Navigating the journey to a carbon-neutral campus

0 CommentsBy

shutterstock_478513852For university leaders, committing to a carbon-neutral campus is easier said than done. While carbon neutrality is an ambitious goal, JLL’s new report reveals that it is achievable for U.S. universities. And environmental sustainability isn’t just on the minds of leaders in higher education; sustainable campuses have emerged as a major factor in student and faculty recruitment.

That being said, achieving carbon neutrality is a journey that requires constant diligence. The good news is that there’s a vast array of solutions and technologies to help. Wherever an institution is on this journey, there are universal practices that can be applied to further its environmental sustainability goals. Here are just a few of the measures university leaders can apply to ensure their commitment to building a sustainable campus:

  • Avoid “point-chasing” tactics and focus on outcomes. While LEED, Green Globes or other certifications have their merit, pursuing certification points can overshadow the larger goals of energy conservation, environmental sustainability and building functionality.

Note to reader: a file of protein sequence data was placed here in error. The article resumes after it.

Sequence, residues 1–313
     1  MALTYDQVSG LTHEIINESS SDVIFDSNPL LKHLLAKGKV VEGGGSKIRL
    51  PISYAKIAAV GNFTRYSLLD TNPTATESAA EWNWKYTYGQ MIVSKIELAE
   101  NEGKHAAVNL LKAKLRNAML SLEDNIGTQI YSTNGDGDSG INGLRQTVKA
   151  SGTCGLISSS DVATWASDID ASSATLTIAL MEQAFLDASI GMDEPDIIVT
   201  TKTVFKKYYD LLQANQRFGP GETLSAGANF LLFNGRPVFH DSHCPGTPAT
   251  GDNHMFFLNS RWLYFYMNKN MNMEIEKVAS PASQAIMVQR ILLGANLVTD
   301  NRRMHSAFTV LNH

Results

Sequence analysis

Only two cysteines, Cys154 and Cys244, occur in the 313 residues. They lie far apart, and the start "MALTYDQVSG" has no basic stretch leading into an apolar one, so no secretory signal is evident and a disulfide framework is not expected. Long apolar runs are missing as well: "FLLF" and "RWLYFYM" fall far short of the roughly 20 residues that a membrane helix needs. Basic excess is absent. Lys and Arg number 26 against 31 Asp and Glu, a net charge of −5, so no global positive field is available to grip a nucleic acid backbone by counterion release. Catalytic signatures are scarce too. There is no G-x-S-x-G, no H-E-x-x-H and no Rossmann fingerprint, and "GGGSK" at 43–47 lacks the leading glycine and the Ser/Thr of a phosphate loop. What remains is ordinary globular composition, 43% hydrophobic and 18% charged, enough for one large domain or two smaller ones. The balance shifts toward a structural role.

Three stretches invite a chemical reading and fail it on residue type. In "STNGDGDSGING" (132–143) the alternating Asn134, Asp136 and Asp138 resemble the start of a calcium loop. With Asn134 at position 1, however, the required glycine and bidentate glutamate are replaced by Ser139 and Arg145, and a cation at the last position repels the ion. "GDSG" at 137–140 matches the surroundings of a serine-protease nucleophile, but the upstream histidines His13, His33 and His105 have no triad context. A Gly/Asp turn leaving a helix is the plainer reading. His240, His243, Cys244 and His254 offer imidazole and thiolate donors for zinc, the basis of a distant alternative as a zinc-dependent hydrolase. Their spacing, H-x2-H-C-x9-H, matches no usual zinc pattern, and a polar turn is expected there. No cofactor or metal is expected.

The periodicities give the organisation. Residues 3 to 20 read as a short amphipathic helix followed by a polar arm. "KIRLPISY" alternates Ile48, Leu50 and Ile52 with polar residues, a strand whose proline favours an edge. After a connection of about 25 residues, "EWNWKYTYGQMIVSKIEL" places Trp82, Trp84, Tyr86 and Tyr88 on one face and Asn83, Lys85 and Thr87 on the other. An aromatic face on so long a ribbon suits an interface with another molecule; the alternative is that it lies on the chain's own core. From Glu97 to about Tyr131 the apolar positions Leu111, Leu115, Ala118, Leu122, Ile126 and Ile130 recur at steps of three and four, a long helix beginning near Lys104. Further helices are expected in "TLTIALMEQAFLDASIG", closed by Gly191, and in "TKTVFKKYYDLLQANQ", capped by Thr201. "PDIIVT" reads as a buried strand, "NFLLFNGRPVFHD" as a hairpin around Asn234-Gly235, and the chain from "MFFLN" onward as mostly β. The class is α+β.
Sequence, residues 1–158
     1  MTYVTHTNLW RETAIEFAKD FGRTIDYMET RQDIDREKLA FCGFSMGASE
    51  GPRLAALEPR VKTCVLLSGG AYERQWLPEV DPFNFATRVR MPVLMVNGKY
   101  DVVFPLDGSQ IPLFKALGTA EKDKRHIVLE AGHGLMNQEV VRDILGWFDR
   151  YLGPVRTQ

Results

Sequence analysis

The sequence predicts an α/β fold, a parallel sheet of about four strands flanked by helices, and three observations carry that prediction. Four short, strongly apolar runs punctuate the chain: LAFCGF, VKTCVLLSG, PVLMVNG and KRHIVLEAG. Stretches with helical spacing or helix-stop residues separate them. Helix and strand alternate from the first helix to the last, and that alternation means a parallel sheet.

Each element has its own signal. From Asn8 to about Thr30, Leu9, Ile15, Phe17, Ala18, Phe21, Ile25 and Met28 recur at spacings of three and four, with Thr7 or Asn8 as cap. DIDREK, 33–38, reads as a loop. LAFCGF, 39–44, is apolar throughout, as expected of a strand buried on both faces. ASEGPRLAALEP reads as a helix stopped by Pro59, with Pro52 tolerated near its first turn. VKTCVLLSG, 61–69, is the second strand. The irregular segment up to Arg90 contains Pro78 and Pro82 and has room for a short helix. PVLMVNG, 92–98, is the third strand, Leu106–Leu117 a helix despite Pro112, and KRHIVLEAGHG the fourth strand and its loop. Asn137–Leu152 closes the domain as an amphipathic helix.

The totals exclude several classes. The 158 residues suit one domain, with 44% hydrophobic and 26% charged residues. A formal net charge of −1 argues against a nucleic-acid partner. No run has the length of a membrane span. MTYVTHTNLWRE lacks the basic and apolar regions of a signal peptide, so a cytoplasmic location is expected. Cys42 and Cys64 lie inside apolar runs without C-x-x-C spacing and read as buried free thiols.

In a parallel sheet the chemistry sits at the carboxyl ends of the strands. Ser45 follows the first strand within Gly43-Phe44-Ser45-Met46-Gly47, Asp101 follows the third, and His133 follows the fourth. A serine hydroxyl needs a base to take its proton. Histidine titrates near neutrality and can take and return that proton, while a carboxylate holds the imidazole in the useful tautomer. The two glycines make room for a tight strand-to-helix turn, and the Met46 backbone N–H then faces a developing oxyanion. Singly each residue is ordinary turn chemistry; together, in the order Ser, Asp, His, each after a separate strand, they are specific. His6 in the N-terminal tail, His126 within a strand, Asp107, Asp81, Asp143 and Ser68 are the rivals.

• Adopt smart building technologies. Funding energy conservation investments is a challenge at most institutions. The solution lies in capital planning, because better-maintained buildings tend to have smaller carbon footprints.
  • Take advantage of no- or low-cost measures to further success. The road to carbon neutrality can include many no-cost or low-cost initiatives for achieving carbon-footprint reductions. Small, everyday actions, from switching off unused lights and electric appliances to turning down thermostats and establishing a slightly lower set point for hot water heaters, can have a significant impact.

Small steps can make a substantial impact in a college or university’s overall journey to carbon neutrality. One Boston university discovered it could save approximately $180,000 per year for each degree of overcooling that was corrected campus-wide, and that number rose to $290,000 per degree when overheating was corrected. These results are from modest, easy-to-implement steps, proving that campus sustainability is just as achievable as it is ambitious.

To see more of the best practices for living up to your presidential commitment to sustainability, download our Carbon-Neutral Campus report.

Leave a Reply

Your email address will not be published. Required fields are marked *